Gregor Hylla’s polychrome wall-painting at Tanya Leighton combines influences from geometric abstraction, Colour Field painting, and Constructivism. The title of a series of recent oil paintings also exhibited reveals a conceptual direction: The Class on Prophecy Has Been Cancelled Due to Unforeseen Circumstances. Is this another memorial for the utopian tendencies of the avant-garde, a re-invigoration, or do we find a synoptic tendency for painting? Such questions arise in the presence of this jubilant work.
Opened in 2007, Supportico Lopez, is a somewhat recent addition to the comparatively small number of galleries with truly creative curatorial programs in Berlin. They are currently exhibiting, in collaboration with Fondazione Morra in Naples, the French artist Henri Chopin (1922 – 2008), a relatively uncelebrated yet prolific force in the history of the 20th Century avant-garde. Chopin was an early figure working in multiple media with a primary interest in sound, who focused on the human voice as an action and language initiated deep within the interior of the body. For example, on UbuWeb, one can hear his Cantata for Two Farts & Juan Carlos I., among other pieces such as La Digestion. In the gallery, a series of stunning “typewriter poems” testifies to Chopin’s experimentation with the written form, while the visitor can play a vinyl recording on a hi-fi. The inclusion of numerous exquisite editions extends the breadth of Chopin’s search for primordial forms beyond communication and his seemingly now-forgotten prescience.
Jay Chung and Q Takeki Maeda
At Isabella Bortolozzi Gallery, Berlin-based artists Jay Chung and Q Takeki Maeda use the domestic context of the gallery for work that is characteristically made with as few personal or aesthetic decisions as possible. In the otherwise empty gallery, the artists have placed secondhand corner vitrines that easily fit in to the existing décor. Seen as leftovers from consumer society, the artist’s minimal and conceptually based process led them to focus on the anti-modern and pseudo-traditional nature of these cheap mass produced signs of customary coziness.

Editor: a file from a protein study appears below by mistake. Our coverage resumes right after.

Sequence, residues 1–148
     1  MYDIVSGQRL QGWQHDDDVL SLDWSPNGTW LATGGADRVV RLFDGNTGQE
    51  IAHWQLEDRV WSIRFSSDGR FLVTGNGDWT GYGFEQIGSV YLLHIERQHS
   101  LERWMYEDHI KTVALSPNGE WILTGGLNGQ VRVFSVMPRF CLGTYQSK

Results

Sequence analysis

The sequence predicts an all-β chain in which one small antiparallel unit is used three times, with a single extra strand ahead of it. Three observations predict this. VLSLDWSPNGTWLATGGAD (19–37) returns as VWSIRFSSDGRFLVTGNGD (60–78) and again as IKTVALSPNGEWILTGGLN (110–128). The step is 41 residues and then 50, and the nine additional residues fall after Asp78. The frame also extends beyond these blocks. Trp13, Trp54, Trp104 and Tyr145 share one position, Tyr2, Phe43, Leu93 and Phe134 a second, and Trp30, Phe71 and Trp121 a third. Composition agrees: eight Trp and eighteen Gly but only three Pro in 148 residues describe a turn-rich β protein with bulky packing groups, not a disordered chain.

The Temporary Kunsthalle is another almost empty exhibition space on view at the moment. And yet this exhibition involves a full ten percent of the Berlin art scene. Consistent with the Kunsthalle’s current mandate to present group exhibitions involving Berlin-based artists, Karin Sander has invited 599 artists from the city to translate their own work into an audio piece of around two minutes in length. From a single horizontal line of numbers with corresponding names that circles the space, visitors can select a track on a portable audio-guide set. Activating relations between experience and visibility using the participant’s imagination, the exhibition successfully mediates between artist, space, and “viewer” to generate an unexpected acoustic panorama.
Rodney LaTourelle is an artist, writer and designer based in Berlin and Winnipeg. He writes frequently for artist's catalogues, and is a regular correspondent for BorderCrossings and C Magazine.
Johann König Gallery: http://www.johannkoenig.de/
Jordan Wolfson: Con Leche continues until January 9.
Jerszy Seymour Design Workshop: http://www.jerszyseymour.com/
Tanya Leighton Gallery: http://www.tanyaleighton.com/main.php#exhibitions
Gregor Hylla: The Class on Prophecy Has Been Cancelled Due to Unforeseen Circumstances continues until December 19.
Supportico Lopez: http://supporticolopez.blogspot.com/
Henri Chopin continues until January 24.
Bortolozzi Gallery: http://www.bortolozzi.com/
Jay Chung and Q Takeki Maeda: When Buffeted continues until December 22.
Temporary Kunsthalle: http://www.kunsthalle-berlin.com/
Karin Sander continues until January 10.